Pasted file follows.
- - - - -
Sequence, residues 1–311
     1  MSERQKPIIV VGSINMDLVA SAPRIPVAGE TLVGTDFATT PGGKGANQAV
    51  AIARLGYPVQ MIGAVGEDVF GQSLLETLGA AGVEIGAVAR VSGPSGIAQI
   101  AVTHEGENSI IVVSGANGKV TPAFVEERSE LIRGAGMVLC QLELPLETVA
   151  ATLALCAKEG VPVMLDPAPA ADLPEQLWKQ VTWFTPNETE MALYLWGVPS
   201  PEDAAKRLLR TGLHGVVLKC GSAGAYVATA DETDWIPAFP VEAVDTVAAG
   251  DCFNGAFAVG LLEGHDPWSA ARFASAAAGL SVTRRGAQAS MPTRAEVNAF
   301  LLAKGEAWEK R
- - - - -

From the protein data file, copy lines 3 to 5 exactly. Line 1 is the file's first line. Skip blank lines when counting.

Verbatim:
    51  AIARLGYPVQ MIGAVGEDVF GQSLLETLGA AGVEIGAVAR VSGPSGIAQI
   101  AVTHEGENSI IVVSGANGKV TPAFVEERSE LIRGAGMVLC QLELPLETVA
   151  ATLALCAKEG VPVMLDPAPA ADLPEQLWKQ VTWFTPNETE MALYLWGVPS